Obama’s Religious Test

Well before Sen. Barack Obama had officially announced that he was running for President, the good folks at the National Clergy Council were already hard at work attempting to discredit his Christian faith.

On January 8th, Faith and Action, an affiliate of the National Clergy Council, unveiled an “in-depth examination of the religious beliefs of Sen. Barack Obama titled: ‘Barack Obama: Sheep or Goat?’” that claims to “tell you what kind of Christian he is not … [he] is definitely not an Evangelical.”

Of course, Obama doesn’t claim to be an Evangelical, so why exactly the NCC thought it so necessary to “research who and what Barack Obama is … as far as his faith is concerned” is impossible to know.  

Maybe next, the NCC can release a lengthy exposé on the fact that neither Catholic GOP candidate Sen. Sam Brownback nor Mormon Massachusetts Gov. Mitt Romney are Evangelicals either.

Now that Obama has announced his intention to run, the NCC is making clear that it intends to continue its “examination” of his faith … and that it is his own fault:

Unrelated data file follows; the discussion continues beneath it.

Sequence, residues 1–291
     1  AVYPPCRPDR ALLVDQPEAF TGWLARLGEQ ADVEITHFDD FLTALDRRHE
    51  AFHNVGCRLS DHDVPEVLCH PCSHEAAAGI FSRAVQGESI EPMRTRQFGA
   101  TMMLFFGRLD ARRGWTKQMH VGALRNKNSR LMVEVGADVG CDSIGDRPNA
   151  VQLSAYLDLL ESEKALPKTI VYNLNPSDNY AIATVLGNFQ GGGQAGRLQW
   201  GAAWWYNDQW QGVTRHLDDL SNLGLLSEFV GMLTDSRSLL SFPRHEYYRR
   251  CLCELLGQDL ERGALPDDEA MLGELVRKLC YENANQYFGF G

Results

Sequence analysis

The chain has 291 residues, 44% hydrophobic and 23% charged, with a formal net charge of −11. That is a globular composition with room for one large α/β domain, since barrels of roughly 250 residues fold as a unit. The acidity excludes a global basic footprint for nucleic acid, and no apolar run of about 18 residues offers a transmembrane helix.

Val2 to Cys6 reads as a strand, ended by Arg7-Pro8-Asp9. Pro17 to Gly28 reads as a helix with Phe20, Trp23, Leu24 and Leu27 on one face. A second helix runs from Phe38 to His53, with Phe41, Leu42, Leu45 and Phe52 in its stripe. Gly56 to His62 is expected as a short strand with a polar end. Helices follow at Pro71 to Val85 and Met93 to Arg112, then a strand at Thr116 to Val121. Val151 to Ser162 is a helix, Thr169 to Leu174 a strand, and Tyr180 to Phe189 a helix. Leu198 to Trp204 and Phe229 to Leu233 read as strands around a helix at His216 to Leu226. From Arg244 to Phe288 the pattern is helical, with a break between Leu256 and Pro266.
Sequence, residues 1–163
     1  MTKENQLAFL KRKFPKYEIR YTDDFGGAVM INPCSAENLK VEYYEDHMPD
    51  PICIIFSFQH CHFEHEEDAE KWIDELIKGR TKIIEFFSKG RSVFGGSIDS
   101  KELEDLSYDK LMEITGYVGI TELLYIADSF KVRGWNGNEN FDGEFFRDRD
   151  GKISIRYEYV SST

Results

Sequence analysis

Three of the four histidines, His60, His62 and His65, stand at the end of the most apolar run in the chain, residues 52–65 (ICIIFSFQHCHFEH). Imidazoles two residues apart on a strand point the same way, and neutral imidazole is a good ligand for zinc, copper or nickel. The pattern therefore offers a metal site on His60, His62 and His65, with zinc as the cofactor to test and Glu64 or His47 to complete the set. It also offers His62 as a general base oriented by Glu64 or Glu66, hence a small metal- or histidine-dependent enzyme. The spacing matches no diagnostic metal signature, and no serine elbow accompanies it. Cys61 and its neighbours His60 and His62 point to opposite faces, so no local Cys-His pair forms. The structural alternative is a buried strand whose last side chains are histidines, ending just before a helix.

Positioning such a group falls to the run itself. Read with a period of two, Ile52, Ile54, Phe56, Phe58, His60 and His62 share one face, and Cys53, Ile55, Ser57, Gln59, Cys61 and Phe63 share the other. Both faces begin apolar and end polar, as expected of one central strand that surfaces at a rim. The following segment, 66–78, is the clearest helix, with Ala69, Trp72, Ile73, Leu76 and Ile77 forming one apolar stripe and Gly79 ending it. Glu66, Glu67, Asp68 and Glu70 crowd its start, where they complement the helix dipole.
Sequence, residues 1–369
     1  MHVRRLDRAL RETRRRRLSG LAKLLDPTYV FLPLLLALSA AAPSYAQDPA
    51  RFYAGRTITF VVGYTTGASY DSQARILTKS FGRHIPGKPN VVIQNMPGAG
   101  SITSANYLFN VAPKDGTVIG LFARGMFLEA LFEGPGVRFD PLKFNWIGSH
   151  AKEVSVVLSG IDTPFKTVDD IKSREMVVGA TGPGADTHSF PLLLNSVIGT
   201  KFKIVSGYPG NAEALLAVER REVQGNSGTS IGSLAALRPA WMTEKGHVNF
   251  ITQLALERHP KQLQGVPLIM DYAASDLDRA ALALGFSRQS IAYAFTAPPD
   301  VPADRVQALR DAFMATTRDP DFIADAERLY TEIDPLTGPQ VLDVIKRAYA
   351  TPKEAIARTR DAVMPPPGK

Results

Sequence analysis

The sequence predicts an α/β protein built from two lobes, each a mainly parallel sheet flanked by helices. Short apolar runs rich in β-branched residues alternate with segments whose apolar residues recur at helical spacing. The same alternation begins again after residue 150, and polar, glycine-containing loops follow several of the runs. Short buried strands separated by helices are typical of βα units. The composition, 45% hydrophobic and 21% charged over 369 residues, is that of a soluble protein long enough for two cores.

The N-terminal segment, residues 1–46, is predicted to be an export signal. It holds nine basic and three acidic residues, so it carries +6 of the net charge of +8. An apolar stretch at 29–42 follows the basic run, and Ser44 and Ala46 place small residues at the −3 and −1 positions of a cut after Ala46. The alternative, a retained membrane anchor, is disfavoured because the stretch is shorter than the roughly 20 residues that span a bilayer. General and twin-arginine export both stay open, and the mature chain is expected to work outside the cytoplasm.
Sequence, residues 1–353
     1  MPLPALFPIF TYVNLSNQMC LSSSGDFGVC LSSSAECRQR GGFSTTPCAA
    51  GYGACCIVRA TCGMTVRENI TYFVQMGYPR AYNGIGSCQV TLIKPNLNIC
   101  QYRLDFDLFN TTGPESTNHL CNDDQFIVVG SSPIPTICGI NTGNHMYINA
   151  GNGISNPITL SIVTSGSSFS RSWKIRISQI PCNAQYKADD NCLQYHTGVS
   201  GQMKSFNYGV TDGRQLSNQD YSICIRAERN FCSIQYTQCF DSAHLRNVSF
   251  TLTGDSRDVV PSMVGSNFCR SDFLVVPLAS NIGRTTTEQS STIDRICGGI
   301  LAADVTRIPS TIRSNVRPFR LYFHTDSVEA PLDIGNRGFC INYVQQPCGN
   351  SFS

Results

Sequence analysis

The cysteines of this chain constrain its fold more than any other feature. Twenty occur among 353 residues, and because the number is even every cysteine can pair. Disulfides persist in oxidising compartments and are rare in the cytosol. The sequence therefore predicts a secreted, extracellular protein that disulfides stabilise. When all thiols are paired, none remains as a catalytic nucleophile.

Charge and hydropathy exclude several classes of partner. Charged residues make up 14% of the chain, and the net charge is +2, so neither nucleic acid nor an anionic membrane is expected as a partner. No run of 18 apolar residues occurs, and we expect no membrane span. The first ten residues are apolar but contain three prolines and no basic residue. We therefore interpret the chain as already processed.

By injecting his faith so directly into his campaign, Mr. Obama has invited an examination and debate focused on his faith. Sadly, we will find Mr. Obama’s Christianity woefully deficient.

Not surprisingly, the NCC has a completely different position on this sort of tactic when it comes to Republican officials:

I recall sitting in on confirmation hearings for John Ashcroft who was up for attorney general in the first Bush Administration and it was nothing short of brutal. Besides attacking him for being a right wing extremist, opponents of President Bush threatened to grill Mr. Ashcroft on his Christian doctrinal beliefs. It was one of the most contentious, prejudicial, petty and insulting exercises I have witnessed in Washington since arriving here nearly twelve years ago.

So apparently what is “prejudicial, petty and insulting” when it applies to John Ashcroft is entirely legitimate when it comes to Barack Obama.